Detailed raptor survey gets underway in Duhallow
Until quite recently, our knowledge of Barn Owls in Ireland was relatively limited, with numerous gaps in information which prevented an overview of the issues impacting this iconic species. Thankfully this situation has dramatically changed over the past five years, largely due to the tireless enthusiasm of volunteers who have facilitated comprehensive monitoring of the elusive Barn Owl population throughout the country. As a result of these efforts, co-ordinated by the Raptor Conservation Project, we now have a much better understanding of the ecological requirements of Barn Owls and the factors which affect their conservation status.
The monitoring work has also served to highlight the south west of the country to be a vital stronghold for the national population. The importance of this region has been duly acknowledged by both Cork and Kerry County Councils who have previously collaborated with BirdWatch Ireland to help ensure the local Barn Owl population remains stable. Last year, conservation and monitoring efforts for Barn Owl in the southwest received an additional boost with IRD Duhallow coming on board and providing funding through the LEADER 2007 – 2013 programme. John Lusby, Raptor Conservation Officer with BirdWatch Ireland, said, "Duhallow, which is an area encompassing parts of North Cork and East Kerry, seems to be particularly suitable for Barn Owls. The local population appears to be doing well here and we have recorded one of the highest known densities of nest and roost sites in the country. Given the fact that Barn Owls have declined so markedly in other parts of the country, areas such as this are crucial for the conservation of the national population."
John Lusby visiting a Duhallow Barn Owl nest, under licence from NPWS
In addition to the monitoring and survey work, a nest box scheme was also initiated in 2011. Brin McDonnell, a local of Ballydesmond in Duhallow who has been integral to the work, commented, "We have installed fourteen nest boxes so far at suitable sites around Duhallow and will be focusing further attention on this after the breeding season. However from now until the end of the summer our energies will be concentrated on finding new sites and monitoring our traditional sites. This is the most exciting time of year; last year we had a fantastic breeding season and the positive nature of the work has really captured the imagination of the local communities and is making the Barn Owl a flagship species for this area."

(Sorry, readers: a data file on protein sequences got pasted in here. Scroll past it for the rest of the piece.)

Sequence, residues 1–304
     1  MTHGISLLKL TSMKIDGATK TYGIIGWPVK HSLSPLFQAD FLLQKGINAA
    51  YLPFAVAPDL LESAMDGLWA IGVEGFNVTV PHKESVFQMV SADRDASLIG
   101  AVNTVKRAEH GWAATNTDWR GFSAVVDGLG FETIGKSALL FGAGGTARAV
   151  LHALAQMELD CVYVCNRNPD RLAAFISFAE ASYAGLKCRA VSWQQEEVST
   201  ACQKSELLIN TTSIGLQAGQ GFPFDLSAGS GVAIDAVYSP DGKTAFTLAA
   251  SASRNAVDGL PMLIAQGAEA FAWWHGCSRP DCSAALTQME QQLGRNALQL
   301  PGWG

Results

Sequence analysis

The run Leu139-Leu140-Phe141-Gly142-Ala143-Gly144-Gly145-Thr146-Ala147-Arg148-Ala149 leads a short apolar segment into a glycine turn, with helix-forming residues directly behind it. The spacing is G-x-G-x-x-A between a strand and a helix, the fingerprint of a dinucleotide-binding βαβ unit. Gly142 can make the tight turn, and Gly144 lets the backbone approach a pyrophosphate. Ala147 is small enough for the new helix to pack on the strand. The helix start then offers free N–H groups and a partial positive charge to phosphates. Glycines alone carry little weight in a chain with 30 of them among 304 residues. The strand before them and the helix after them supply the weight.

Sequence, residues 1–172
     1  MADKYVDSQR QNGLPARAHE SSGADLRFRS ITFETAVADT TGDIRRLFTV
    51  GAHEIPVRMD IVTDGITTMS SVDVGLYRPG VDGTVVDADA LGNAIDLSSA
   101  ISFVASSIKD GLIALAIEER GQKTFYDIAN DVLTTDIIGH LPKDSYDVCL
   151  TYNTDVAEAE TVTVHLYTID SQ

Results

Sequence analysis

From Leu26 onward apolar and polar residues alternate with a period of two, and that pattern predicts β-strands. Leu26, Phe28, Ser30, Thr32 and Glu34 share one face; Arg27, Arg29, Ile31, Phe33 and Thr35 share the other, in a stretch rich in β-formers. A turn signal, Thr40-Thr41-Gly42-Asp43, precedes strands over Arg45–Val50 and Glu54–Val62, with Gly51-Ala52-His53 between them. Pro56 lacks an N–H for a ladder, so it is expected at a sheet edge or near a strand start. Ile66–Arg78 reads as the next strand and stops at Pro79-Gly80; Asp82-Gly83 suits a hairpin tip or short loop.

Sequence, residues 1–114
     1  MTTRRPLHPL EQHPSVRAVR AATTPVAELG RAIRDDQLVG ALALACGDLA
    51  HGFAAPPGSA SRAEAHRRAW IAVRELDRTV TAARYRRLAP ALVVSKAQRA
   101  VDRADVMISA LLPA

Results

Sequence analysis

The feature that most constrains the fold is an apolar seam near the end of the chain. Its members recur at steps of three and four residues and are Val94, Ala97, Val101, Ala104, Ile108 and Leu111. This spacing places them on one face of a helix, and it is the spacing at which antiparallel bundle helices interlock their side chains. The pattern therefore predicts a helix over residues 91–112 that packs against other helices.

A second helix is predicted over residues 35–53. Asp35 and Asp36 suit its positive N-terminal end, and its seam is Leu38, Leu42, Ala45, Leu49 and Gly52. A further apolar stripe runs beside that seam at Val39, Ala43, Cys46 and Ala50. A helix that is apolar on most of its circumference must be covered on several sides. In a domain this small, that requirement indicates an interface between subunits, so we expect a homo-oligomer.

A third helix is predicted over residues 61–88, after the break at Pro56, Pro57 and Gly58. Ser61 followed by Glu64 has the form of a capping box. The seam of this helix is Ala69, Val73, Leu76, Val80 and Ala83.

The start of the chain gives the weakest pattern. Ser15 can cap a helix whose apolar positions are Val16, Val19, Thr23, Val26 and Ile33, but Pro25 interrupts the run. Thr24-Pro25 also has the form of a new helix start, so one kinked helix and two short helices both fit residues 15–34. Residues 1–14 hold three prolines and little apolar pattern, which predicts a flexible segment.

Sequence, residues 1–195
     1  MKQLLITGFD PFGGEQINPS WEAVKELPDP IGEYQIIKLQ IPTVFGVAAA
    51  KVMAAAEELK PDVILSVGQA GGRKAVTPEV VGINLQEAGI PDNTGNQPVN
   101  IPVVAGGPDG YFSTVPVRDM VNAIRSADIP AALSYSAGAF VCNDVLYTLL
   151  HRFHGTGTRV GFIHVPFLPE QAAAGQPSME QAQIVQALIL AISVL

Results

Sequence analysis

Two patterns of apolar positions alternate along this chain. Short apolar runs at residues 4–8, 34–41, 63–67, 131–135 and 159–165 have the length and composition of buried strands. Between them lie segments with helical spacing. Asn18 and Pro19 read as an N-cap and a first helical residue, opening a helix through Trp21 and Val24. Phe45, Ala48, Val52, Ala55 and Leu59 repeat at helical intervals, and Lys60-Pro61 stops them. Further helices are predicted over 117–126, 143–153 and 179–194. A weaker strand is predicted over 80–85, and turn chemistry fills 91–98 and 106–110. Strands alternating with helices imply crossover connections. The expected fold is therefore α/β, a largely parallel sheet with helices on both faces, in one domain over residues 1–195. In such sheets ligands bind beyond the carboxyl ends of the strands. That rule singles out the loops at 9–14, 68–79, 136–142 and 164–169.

Brin McDonnell holding a young Barn Owl during nest monitoring work
(Photographed under licence from NPWS)
Earlier this year IRD Duhallow provided the Raptor Conservation Project with further funding to expand the scope of the project to incorporate monitoring and research of two other raptors, the Long-eared Owl and Kestrel. The Duhallow Raptor Conservation Project, which aims to greatly increase our understanding of these species by assessing nesting densities, breeding ecology and success in the Duhallow area, will now run until the autumn of 2013. Michael O’Clery, based in County Kerry and who has been long involved with the Raptor Conservation Project, will be helping to co-ordinate the fieldwork. Similar to the success of the Barn Owl work, artificial sites will also be provided for both species to help with future monitoring. Ten Kestrel nest boxes and ten nest baskets for Long-eared Owls will be placed at traditional nesting sites over the coming months. However it is the survey and monitoring objectives of the project which are the more ambitious and which it is hoped will reveal new and much required information on the ecology of both species in Ireland. John Lusby stated, "Despite the fact that these raptors are still widespread and relatively common, there have been virtually no specific studies on these species in Ireland, and as a result we are lacking information on even basic aspects of their ecology."
Young Kestrels in the nest
(Photo taken under licence from NPWS)
This work aims to build on the Kestrel research and monitoring carried out by the Raptor Conservation Project since 2009. One of the objectives is to determine numbers of breeding Kestrels in a specific 100km² area of Duhallow. This will be the first time that such detailed survey work for Kestrel will have been attempted in Ireland and will provide the basis for population estimates and assessments of the status and trends of the population.
Monitoring of Long-eared Owl has already started as of mid March and will continue throughout the breeding season to estimate densities and nesting ecology in selected 10km survey squares. The early season survey visits involve broadcasting Long-eared Owl calls (under licence from the National Parks and Wildlife Service) in order to elicit a response from a resident pair, as the discrete nature of these birds means that this is one of the only means they can be located at this time of year. Acoustic surveys to detect noisy young with their “squeaky gate” calls will be conducted from May onwards.
Long-eared Owl fledgling, not long out of the nest
For more information and to follow the progress, as well as regular updates on the project, visit the project blog www.duhallow.blogspot.com. Make sure to keep an eye on this site as the breeding season progress when we will feature photos and nest footage from the Barn Owl, Long-eared Owl and Kestrel sites (all nest visits licensed by the National Parks and Wildlife Service) which we are monitoring in Duhallow.
The Duhallow Raptor Conservation Project is funded by IRD Duhallow through the LEADER 2007 – 2013 Programme and is carried out in collaboration with the Duhallow Bird-watching Group.